Religious Terms Defined

ANABAPTISTS. A sect which arose in Germany at the time of the Reformation, which practiced the re-baptism of persons who had been baptized as infants. The more extreme type claimed to have founded a new and perfect church, to have the power to work miracles, that human government and magistrates are unnecessary among Christians, and even that polygamy is legitimate.

ANALOGY OF SCRIPTURE. The teaching of the Bible as a whole, all any subject, considered as a key to the interpretation of a particular portion of Scripture.

AMILLENNIALlSM. That view of the Last Things which holds that the Bible does not predict a “Millennium” or period of world-wide. peace and righteousness on this earth before the end of the world. (Amillennialism teaches that there will be a parallel and contemporaneous development of good and evil God’s Kingdom and Satan’s kingdom—in the world, which will continue until the second coming of Christ. At the second coming of Christ the resurrection and judgment will take place, followed by the eternal order of things—the absolute, perfect Kingdom of God, in which there will be no sin, suffering nor death).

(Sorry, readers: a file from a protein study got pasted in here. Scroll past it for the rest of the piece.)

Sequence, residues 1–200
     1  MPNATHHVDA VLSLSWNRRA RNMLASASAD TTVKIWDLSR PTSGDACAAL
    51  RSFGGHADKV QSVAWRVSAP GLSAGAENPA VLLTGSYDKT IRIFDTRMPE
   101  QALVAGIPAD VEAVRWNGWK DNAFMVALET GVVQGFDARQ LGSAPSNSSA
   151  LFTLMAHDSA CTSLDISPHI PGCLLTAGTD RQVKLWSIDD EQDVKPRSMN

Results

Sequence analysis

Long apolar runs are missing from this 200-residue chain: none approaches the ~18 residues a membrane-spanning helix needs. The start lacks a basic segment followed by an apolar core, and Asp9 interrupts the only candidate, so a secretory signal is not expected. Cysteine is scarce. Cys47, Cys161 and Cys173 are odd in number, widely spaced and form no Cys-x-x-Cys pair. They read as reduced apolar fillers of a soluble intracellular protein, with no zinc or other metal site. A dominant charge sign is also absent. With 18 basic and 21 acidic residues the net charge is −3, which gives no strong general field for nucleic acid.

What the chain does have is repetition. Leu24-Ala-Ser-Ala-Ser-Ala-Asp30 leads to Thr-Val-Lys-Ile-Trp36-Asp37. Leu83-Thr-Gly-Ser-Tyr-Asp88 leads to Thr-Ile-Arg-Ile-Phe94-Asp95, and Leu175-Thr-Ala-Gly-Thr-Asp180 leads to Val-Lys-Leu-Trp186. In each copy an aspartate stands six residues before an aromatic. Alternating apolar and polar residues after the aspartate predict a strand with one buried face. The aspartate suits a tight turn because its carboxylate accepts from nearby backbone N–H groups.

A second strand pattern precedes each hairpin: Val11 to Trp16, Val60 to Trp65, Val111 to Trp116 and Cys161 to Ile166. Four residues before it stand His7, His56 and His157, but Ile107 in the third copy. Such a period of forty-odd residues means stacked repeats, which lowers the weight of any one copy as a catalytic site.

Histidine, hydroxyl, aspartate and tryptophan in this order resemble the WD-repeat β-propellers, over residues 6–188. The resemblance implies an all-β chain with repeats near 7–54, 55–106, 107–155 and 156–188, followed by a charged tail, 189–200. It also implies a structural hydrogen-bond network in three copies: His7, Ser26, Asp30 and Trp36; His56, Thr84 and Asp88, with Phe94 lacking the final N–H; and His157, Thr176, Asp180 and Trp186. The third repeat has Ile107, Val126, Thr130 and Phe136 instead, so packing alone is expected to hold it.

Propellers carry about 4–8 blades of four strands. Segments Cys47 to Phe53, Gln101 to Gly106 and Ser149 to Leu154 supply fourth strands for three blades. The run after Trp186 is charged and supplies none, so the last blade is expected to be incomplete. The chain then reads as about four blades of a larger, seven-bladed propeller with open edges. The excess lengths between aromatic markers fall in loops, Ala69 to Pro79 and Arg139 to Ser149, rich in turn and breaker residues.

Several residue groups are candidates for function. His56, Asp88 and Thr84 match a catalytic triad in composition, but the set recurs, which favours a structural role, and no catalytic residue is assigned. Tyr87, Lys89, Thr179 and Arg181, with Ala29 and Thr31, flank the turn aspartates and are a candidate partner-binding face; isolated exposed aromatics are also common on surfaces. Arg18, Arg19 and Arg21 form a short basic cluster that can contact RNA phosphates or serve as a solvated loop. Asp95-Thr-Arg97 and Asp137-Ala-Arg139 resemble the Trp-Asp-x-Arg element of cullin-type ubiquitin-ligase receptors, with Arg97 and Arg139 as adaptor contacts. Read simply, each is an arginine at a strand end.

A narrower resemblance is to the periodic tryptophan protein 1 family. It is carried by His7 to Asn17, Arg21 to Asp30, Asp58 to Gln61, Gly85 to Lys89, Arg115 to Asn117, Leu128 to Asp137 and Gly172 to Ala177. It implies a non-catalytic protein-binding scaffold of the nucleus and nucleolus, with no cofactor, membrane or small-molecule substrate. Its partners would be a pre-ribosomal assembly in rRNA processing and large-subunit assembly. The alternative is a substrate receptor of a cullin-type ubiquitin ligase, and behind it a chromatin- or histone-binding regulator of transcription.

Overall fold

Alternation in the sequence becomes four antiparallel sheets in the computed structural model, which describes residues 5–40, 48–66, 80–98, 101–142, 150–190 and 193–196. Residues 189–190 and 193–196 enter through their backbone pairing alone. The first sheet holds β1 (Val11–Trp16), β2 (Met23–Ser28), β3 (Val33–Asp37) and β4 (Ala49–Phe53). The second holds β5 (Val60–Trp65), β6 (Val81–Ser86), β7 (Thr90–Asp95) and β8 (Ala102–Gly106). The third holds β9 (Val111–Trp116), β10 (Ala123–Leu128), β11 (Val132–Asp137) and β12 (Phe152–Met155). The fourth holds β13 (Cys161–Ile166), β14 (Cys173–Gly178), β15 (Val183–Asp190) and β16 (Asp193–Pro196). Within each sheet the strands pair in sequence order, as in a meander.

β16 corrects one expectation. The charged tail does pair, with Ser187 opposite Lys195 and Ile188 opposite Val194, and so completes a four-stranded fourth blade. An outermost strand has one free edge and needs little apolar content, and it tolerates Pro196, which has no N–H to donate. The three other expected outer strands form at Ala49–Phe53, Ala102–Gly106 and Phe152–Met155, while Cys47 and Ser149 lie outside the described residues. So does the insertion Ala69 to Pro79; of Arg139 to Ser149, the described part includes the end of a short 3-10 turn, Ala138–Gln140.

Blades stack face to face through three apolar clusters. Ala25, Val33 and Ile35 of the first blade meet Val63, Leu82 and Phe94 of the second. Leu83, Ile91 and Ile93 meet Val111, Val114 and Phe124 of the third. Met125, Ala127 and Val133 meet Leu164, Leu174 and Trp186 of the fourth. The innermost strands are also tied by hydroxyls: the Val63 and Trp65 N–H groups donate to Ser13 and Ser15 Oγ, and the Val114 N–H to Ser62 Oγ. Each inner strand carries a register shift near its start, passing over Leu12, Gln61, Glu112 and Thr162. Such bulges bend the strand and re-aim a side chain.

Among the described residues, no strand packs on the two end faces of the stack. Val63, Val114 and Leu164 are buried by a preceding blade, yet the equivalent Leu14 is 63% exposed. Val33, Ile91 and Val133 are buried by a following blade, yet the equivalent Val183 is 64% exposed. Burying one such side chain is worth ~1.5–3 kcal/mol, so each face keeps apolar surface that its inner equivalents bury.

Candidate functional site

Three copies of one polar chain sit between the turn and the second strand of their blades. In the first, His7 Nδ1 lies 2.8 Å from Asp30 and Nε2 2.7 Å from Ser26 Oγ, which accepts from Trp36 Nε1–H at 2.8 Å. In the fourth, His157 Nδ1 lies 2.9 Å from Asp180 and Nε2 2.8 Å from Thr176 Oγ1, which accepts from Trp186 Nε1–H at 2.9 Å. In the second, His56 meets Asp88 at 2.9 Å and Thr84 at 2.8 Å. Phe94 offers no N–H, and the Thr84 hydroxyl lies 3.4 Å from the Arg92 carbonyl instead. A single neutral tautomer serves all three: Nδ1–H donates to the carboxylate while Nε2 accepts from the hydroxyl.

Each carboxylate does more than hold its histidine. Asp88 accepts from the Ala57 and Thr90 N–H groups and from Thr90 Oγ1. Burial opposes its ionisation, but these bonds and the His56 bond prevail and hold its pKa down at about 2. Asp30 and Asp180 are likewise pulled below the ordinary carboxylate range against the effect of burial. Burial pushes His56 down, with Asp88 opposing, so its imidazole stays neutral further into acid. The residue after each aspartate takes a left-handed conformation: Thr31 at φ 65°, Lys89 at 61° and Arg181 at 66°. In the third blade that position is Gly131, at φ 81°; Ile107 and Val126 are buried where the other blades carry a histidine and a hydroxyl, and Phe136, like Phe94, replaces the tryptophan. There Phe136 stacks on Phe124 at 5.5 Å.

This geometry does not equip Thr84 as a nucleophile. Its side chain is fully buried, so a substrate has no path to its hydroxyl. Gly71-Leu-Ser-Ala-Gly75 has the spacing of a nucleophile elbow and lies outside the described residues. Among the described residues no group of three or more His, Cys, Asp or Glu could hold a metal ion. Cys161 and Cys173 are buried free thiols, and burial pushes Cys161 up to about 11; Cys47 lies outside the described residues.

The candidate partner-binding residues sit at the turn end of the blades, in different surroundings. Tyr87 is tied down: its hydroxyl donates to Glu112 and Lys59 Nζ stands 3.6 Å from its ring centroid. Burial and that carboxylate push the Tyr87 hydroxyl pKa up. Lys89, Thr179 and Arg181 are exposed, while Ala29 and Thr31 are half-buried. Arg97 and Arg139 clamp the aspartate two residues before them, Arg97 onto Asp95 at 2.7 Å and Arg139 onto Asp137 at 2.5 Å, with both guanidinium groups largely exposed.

ARMINIANISM. The doctrinal system derived from the teachings of the Dutch theologian Jacobus Arminius, which regards the sovereignty of God as limited by the free will of man, and which conceives of the work of salvation as divided between God and man, with the decisive factor in the hands of man.

CALVINISM. Consistent Biblical Christianity, called “Calvinism” because it received its classic doctrinal formulation in the writings of the Reformer John Calvin. Calvinism is that system of Christian doctrine which recognizes the absolute, unlimited sovereignty of God, and man’s complete dependence on God for every factor of his lire, faith and salvation.

CANON OF SCRIPTURE. The list of the books which are recognized as Holy Scripture.